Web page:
aviation in World War 2

the aces - Australian
the aces - Belgian
the aces - British
the aces - Canada
the aces - Chinese
the aces - Czech
the aces - Finland
the aces - French
the aces - German
the aces - Hungary
the aces - Italian
the aces - Japanese
the aces - New Zealand
the aces - Polish
the aces - Russian
the aces - Romania
the aces - Slovakia

the air aces of World War Two

Air War's Greatest Aces

Amid horrendous losses, a few talented individuals rose to prominence. Most famous was Aleksandr I. Pokryshkin, who was flying the mediocre Mikoyan-Gurevich MiG-3 when he downed an Me-109E of JG.77 near Jassy on June 23, 1941. Surviving the war with 59 victories -- 48 of which were scored flying a Lend-Lease Bell P-39 Airacobra -- Pokryshkin won the Gold Star of the Hero of the Soviet Union three times, as well as the American Distinguished Flying Cross.

Another special case from the war's early days was Aleksei P.P. Marasyev, who downed his seventh victim, a Junkers Ju-52, in April 1942, before being shot down by a flight of 10 Me-109s. Marasyev emerged from the wreckage of his Yakovlev Yak-1 with both legs crushed, and over the next 19 days he crawled back to Russian lines. By the time he was found by partisans and evacuated, gangrene had set in and both legs had to be amputated. With a determination worthy of Douglas Bader, however, Marasyev mastered both artificial legs and aircraft. Flying Lavochkin La-5s, he achieved a final score of 19.

A relative latecomer was Ivan N. Kozhedub, whose flying skill made him so valuable as an instructor that he was not able to wangle a combat assignment until June 1943. Once he did, however, he became the leading exponent of the Lavochkin LaG-5, La-5FN and La-7 fighters and the leading Allied ace of World War II -- his 62 victories included a Messerschmitt Me-262A downed on February 18, 1945. Kozhedub was also the only Soviet fighter pilot other than Pokryshkin to earn three Gold Stars.

Like the RAF, the V-VS formed foreign units, including regiments of Czechoslovakian, Polish and French airmen. The famed Normandie-Niemen Regiment produced the leading French ace of World War II, Marcel Albert, with 23 victories. Another of the unit's members, Roger Sauvage, a Parisian whose mother came from Martinique, added 14 victories to the two he had scored in 1940, to become the war's only black ace.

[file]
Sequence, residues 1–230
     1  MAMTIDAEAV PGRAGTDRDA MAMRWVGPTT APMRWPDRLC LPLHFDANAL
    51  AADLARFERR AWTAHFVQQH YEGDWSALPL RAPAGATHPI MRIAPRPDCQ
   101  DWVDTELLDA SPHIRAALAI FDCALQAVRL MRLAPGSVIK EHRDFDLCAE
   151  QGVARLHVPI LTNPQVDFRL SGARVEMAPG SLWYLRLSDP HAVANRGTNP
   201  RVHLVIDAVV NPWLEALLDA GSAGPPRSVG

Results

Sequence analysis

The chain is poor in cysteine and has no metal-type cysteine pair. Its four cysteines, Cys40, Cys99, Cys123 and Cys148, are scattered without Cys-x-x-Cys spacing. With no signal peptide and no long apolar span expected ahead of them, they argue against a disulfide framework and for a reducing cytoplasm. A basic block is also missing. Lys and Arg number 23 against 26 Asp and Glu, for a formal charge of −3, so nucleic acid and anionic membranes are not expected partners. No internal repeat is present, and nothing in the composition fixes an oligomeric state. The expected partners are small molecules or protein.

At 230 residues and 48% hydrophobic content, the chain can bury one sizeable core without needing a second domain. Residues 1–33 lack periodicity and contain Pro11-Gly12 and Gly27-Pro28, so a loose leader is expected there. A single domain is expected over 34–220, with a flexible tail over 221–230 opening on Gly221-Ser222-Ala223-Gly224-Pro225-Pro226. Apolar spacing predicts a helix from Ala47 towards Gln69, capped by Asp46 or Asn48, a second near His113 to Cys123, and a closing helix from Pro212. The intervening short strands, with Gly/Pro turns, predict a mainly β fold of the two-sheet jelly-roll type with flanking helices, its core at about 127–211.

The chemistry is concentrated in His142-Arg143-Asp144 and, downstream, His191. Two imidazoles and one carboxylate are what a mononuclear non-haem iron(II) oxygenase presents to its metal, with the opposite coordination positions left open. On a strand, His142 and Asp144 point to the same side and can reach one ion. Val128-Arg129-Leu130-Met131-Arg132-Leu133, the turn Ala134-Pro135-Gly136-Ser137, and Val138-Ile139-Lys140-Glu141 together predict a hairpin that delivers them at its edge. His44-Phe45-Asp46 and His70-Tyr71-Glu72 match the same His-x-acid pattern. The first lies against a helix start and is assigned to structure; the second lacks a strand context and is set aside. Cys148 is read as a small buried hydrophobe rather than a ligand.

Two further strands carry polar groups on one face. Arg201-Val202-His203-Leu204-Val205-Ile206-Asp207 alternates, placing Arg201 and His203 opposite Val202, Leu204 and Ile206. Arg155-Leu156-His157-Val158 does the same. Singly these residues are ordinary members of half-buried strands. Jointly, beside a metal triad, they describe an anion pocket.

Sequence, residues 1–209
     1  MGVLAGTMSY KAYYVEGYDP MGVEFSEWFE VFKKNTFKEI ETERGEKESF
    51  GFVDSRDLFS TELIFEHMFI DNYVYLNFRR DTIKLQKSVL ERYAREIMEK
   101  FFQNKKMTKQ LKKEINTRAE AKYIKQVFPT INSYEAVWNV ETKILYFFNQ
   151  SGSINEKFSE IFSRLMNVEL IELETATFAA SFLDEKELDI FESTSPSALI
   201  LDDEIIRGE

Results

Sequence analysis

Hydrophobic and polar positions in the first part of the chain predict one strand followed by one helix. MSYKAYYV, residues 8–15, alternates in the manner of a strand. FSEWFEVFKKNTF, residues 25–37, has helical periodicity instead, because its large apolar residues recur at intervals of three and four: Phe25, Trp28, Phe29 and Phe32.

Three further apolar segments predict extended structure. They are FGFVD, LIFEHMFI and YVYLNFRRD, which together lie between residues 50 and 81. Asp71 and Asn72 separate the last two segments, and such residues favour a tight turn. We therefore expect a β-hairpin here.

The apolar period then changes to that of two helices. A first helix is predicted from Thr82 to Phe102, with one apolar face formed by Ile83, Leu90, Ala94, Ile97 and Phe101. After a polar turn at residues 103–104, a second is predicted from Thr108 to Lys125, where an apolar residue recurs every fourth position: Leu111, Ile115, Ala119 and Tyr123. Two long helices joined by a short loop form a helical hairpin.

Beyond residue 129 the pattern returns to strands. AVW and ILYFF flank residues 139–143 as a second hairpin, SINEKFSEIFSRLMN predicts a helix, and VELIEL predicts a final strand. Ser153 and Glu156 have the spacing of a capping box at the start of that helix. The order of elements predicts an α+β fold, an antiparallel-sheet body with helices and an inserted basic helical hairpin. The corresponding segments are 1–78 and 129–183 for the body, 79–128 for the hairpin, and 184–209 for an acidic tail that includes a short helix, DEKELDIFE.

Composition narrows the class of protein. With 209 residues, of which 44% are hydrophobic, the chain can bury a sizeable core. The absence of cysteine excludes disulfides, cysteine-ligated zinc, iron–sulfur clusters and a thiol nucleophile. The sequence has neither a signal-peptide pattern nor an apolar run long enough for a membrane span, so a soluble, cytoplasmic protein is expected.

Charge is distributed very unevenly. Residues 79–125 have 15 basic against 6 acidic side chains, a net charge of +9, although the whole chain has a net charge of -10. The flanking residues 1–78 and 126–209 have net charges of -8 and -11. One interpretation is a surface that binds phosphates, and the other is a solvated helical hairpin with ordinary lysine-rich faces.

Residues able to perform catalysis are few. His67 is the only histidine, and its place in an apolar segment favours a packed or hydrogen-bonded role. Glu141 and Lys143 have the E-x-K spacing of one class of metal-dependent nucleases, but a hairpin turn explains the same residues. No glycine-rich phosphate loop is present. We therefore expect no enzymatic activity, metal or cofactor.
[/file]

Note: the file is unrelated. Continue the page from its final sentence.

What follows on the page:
Unique to the V-VS was the formation of three all-female regiments, of which one, the 586th, was a fighter outfit. None of the 586th Fighter Regiment scored more than four victories, but two women serving in male units did -- Lidya Litvak with 12 and Ekaterina Budanova with 11. Both, however, were killed in action.

Like the Soviets, the Chinese fought a desperate but costly air war against the better equipped and trained Japanese. Among those gifted Chinese fighter pilots who rose to prominence, Liu Chi-sun flew the Curtiss Hawk III, the Polikarpov I-152 and I-16 to account for a total of 11 1/3 Japanese aircraft between August 1937 and May 1941. The most successful Chinese fighter pilot after 1941 was Wang Kwang-fu, who scored 6 1/2 victories flying Curtiss P-40s -- including 3 1/2 on October 27, 1944 -- and two more in a North American P-51 Mustang.

Americans were involved in the air war long before the Japanese attacked Pearl Harbor on December 7, 1941. The first to become an ace, William R. Dunn, got his fifth victory on August 27, 1941, flying in No. 71 Squadron, one of three "Eagle Squadrons" in the RAF made up of American volunteers. During the Pearl Harbour raid, 2nd Lt. George S. Welch managed to take off from Wheeler Field in a Curtiss P-40B and in the course of two sorties was credited with downing four Japanese aircraft. Later flying Lockheed P-38s over New Guinea, he eventually brought his total up to 16.

In the early months of the Pacific War, the general gloom of Allied defeat was broken somewhat by the exploits of a force of flying mercenaries in China, Colonel Claire Chennault's American Volunteer Group (AVG). Also known as the Flying Tigers, the AVG produced its first two aces on Christmas Day 1941, when Charles H. Older added three JAAF aircraft to two previous kills, and Robert P. "Duke" Hedman downed four Mitsubishi Ki.21 bombers and a Nakajima Ki.43 fighter. Older would bring his score up to 10 by the time the AVG was disbanded on July 4, 1942; he later returned to China as deputy commander of the AVG's U.S. Army Air Force successor, the 23rd Fighter Group, and brought his total up to 18. Another Flying Tiger, David L. "Tex" Hill, was credited with 12 3/4 enemy aircraft by the time the AVG was disbanded, then added six to that total with the 23rd Fighter Group.

Robert L. Scott, Jr., joined the AVG just before it became the 23rd Group and proceeded to behave like a one-man air force, frequently repainting the spinner of his P-40E to make the Japanese think that the group had more aircraft than it did. He got his first two victories over Leiyang, China, on July 31, and had brought his tally up to 10 by the time he was shipped home in January 1943.